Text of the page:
We have always appreciated the effort that goes into making downtown Grand Junction an attractive place to be.
The heart of the city is often where visitors form a first impression about us as community. That's why we've often called downtown the city's welcoming handshake.
Much of downtown's appeal is that it's not a concrete-and-asphalt desert. There are old leafy shade trees and planters full of shrubs, ground cover, bulbs and flowers.
But the price of keeping up lush appearances is more than what taxpayers pay to irrigate and landscape the central business district. There's a hidden cost that few of us ever see and it's alienating some of the folks who are trying to capitalize on downtown's carefully curated allure.
On Sunday's front page, the Sentinel's Duffy Hayes documented the downtown area's recurring saturation problem, which persists despite major improvements to water and sewer infrastructure as part of the Downtown Uplift project in 2011 and 2012.
While major issues — like a water main break that flooded three 400-block businesses in October 2010 — have become infrequent since the upflift project, many downtown businesses still deal with water seeping into their building's basements outside of the infrastructure that was replaced.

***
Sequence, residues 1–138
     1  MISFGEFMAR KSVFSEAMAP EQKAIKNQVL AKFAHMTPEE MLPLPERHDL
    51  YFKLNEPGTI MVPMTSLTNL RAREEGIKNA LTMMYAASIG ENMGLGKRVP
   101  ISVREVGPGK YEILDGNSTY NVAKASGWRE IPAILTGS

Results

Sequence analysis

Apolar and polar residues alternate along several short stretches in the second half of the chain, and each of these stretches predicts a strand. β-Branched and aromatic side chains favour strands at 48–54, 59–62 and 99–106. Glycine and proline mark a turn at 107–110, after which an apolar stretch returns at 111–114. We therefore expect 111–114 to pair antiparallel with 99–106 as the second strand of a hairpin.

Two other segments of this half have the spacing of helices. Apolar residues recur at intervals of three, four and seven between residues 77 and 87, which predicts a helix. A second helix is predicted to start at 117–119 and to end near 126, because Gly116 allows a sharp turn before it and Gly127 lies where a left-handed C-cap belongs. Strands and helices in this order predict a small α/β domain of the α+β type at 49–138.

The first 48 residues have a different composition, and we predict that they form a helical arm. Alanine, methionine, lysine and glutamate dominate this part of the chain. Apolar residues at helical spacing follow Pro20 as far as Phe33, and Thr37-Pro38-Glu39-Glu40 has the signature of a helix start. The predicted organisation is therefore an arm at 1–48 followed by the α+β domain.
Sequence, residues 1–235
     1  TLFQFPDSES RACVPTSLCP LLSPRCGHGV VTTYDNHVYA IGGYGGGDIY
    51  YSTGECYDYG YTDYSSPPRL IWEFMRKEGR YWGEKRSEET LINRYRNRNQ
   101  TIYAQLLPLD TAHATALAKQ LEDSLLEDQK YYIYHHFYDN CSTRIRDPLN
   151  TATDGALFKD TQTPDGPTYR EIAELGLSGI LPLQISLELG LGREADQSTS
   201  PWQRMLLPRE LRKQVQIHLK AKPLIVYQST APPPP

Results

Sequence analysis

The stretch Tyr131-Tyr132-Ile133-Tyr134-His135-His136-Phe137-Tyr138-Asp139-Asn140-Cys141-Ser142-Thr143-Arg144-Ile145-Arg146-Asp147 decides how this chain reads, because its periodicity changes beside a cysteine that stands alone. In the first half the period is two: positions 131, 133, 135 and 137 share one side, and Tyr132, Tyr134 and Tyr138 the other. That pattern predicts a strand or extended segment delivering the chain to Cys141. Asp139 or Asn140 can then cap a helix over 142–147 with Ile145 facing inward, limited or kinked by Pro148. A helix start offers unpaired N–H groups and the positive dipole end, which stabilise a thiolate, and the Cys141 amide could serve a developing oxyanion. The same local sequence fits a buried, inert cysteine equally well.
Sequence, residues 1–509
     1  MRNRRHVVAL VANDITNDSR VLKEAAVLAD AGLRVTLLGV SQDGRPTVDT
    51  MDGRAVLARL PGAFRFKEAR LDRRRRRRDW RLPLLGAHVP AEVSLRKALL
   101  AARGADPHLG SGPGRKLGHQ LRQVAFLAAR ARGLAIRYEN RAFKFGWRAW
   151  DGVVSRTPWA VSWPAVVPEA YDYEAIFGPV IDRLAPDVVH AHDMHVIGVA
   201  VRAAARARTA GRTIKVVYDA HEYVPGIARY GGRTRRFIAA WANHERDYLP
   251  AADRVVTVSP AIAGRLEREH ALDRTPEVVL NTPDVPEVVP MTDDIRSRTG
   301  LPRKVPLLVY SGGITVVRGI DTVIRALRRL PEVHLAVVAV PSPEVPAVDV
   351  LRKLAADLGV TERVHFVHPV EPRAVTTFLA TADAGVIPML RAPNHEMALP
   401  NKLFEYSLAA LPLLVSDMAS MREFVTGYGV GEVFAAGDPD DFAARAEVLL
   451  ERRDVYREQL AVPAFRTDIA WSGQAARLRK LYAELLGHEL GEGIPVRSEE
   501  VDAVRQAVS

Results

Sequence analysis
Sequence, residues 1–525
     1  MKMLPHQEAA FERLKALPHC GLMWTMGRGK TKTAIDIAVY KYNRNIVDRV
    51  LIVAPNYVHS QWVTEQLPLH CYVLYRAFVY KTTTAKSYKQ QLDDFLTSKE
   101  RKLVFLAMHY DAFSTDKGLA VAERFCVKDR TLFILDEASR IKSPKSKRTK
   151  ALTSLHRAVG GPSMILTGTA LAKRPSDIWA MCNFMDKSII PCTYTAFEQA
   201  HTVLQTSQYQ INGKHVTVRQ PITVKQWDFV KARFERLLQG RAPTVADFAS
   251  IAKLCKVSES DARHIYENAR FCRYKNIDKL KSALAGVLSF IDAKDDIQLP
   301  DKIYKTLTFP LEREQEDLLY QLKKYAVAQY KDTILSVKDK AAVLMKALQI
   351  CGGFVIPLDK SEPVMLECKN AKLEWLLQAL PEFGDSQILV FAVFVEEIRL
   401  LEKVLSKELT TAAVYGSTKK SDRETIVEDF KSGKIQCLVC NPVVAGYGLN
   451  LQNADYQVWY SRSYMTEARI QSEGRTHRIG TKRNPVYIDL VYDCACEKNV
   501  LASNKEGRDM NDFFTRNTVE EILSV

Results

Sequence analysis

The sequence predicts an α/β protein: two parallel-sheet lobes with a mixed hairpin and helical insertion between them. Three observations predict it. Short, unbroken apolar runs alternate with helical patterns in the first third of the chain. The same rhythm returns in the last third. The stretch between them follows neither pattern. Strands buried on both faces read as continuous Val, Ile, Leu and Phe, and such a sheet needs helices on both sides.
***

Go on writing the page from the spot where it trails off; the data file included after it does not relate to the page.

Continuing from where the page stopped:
They universally point to the city's irrigation system. Sometimes the problem is understood, like a pinhole-sized leak in a service line or a valve that got locked open due to debris in the line. But often as not, both building owners and the city seem unable to detect the source of water that penetrates basement walls.
The Mesa Theater "has a guy" tasked with the everyday removal of about 20 gallons of water, according to owner Brett Strong. Likewise, the Grand Junction Economic Partnership had to engineer its own solution for persistent seepage.
It seems unfair to us that there's an added cost to doing business downtown. It's already hard enough to stay in business without the additional burden of spending to mitigate a problem that should seemingly be preventable.
The city of Grand Junction is a good municipal government. It does so many things so well — including keeping the downtown area and the city's parks well-manicured — that this seepage problem seems like an outlier. But for the city to maintain its reputation as a responsive, caring good neighbor, it has to address a problem like this. Maybe the answer is as simple as cutting down on the amount of water it throws on landscaped areas. Maybe it's more extensive — requiring an engineering or hydrological study. So far, it has responded to complaints by encouraging private investment in sump pumps.
We're not saying the city is responsible for the problem, but that part of its social contract with its residents is to investigate and put forth some reasonable solutions. There has to be a better remedy than waiting for business owners to make claims against the city's insurance company.